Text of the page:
The late 1970s and the early 1980s marked a busy time for Dennis Rader. With a stable job and two children to raise, he did not find time to plan out more murders. However, he never stopped stalking potential victims or playing out murderous fantasies in his head.
In 1985, he struck again. The victim this time was someone Rader and his wife knew personally: his 53-year-old neighbor Marine Hedge. He broke into her home on April 27, 1985, killed her, undressed the body, and loaded it into her car. Then he drove to the church where he took some pictures with the dead body and eventually dumped the body in a road side culvert a few miles away from her house. Her body was found a few days later.
After more than one year, Dennis Rader killed again. His chosen victim was a young mother, Vicki Wegerle. He gained entry into her house posing as a telephone repairman and then strangled her to death. Then he escaped in Wegerle’s family car.
It would be a few more years before the BTK killer would strike again. On January 19, 1991, he broke into the house of an elderly lady, Dolores Davis, strangulated her to death, and then dumped the body under a bridge. This would be his last killing.
Dennis Rader was a very shrewd man, adept at living a double life. In the early 1990s, he became a dogcatcher and compliance officer in Park City. He was also a member of Christ Lutheran Church and had been elected president of the church council. Retired from his serial-killing days, he was living the life of a normal, respectable member of the society.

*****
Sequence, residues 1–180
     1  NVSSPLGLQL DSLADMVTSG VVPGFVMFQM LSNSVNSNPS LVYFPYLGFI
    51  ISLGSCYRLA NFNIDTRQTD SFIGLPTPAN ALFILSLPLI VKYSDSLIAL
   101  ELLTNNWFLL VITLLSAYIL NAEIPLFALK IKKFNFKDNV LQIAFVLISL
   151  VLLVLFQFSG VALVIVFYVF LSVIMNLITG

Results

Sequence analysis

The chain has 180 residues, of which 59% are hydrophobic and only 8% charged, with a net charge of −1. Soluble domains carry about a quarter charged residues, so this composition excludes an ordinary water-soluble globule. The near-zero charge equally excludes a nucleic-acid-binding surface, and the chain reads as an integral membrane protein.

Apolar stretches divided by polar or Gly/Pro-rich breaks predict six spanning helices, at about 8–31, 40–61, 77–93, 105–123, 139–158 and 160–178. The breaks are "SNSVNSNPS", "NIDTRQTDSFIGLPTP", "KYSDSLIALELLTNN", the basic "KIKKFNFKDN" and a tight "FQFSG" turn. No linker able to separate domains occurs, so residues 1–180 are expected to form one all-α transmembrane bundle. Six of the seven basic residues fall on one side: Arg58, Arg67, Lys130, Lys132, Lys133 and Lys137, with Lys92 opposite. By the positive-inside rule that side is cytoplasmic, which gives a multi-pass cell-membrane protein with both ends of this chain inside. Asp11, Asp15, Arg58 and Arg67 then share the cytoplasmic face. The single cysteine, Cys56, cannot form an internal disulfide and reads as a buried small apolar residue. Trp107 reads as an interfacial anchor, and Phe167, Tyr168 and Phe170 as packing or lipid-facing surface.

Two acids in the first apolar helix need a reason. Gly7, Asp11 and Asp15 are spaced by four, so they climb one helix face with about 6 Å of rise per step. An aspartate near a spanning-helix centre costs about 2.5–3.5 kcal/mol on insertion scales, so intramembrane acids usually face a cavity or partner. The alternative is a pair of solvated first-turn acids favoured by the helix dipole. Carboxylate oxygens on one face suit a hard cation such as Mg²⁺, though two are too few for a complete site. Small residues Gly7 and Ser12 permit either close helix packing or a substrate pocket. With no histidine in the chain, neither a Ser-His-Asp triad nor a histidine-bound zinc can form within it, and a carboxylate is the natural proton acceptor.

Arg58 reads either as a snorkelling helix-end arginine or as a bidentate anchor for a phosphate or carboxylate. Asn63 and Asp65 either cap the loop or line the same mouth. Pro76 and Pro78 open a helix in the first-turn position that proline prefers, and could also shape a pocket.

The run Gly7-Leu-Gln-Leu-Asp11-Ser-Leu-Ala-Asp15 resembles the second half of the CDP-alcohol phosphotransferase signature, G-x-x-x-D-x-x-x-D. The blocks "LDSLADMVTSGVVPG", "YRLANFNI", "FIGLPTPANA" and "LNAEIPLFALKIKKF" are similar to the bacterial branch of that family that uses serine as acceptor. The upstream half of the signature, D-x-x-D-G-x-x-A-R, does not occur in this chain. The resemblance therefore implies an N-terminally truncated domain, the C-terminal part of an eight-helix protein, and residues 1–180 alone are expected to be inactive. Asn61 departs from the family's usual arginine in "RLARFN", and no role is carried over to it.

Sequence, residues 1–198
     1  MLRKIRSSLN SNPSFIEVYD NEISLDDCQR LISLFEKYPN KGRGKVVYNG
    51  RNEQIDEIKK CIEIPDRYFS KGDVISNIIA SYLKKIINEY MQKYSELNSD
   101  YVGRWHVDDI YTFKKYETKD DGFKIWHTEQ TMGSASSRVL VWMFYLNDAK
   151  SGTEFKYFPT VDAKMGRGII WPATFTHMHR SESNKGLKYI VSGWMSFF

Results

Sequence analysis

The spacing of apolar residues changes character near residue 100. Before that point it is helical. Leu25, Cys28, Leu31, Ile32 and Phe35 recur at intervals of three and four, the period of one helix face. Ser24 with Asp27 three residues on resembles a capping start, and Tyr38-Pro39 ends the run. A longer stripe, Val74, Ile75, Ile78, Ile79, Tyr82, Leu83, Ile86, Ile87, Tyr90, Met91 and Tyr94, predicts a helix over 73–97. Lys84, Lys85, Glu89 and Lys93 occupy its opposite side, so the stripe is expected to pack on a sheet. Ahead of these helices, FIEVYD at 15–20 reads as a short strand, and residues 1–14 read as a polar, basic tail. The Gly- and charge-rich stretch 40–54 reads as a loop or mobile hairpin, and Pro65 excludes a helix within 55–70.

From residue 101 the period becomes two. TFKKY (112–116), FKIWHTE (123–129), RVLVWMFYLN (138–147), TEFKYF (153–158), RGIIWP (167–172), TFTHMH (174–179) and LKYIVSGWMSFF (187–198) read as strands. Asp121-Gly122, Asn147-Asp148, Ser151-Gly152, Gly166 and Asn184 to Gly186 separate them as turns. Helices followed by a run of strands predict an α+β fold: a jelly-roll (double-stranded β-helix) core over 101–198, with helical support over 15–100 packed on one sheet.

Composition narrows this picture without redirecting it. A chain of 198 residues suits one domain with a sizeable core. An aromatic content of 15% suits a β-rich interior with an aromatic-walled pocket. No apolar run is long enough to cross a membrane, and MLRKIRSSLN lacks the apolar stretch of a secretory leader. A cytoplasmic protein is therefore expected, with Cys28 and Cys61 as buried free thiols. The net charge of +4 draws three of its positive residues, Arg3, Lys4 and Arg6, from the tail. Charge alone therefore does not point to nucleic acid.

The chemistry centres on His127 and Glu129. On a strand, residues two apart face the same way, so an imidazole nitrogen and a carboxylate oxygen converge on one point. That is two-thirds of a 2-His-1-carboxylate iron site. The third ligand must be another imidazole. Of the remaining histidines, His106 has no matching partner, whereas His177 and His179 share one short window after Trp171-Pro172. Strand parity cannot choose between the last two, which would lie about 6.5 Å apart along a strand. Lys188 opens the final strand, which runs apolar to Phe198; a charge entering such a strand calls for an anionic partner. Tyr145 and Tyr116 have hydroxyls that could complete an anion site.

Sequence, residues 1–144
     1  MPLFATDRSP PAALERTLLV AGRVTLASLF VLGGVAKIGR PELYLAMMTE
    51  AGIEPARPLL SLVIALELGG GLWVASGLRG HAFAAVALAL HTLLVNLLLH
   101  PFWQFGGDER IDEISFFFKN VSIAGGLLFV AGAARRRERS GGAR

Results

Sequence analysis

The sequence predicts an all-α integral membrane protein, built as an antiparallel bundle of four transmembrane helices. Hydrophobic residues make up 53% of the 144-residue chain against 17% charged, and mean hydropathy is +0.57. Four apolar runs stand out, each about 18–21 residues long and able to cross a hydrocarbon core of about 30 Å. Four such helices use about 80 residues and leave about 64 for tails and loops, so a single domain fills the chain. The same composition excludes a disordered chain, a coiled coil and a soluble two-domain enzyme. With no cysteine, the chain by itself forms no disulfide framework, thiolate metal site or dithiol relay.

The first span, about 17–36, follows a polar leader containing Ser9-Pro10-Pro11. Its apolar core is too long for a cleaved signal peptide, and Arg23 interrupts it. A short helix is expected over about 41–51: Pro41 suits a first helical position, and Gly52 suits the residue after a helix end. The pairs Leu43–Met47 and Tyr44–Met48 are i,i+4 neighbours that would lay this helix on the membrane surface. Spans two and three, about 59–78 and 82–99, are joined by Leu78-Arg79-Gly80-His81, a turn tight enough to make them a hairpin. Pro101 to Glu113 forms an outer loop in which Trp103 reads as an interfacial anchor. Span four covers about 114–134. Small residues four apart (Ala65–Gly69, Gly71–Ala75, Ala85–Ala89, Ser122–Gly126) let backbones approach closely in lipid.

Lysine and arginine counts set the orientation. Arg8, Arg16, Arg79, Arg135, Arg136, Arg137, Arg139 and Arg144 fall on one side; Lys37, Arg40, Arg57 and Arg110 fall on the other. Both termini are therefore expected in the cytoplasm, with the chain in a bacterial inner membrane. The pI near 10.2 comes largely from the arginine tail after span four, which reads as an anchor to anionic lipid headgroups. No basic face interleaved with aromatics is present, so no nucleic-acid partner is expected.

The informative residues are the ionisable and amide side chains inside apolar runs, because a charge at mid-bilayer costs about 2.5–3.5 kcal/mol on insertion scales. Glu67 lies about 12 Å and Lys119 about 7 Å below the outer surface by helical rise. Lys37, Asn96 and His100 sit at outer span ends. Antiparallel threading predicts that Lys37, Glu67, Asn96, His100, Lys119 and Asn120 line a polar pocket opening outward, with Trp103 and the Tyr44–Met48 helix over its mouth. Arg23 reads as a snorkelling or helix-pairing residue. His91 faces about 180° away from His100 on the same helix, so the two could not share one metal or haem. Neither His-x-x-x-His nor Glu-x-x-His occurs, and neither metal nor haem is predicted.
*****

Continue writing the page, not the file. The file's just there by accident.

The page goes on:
Arrest & Incarceration
By the 2000s, the public interest in the BTK killer had faded off to a great extent. It was believed that the killer was dead, or maybe institutionalized. This greatly agitated Dennis Rader, and being the narcissist that he was, he started sending a series of letters to the police once again to revive interest in the BTK murders.
After sending many letters to the police, Rader sent them a floppy disc. This proved to be his major mistake as the police was able to trace the source of the floppy disc to the church Rader frequented. Soon the detectives were able to pinpoint Rader as the suspected BTK killer and he was arrested on February 25, 2005.
Under interrogation, Dennis Rader confessed to being the BTK killer. He was convicted of ten murders and received ten consecutive life sentences. Currently, he is incarcerated at the El Dorado Correctional Facility in Kansas.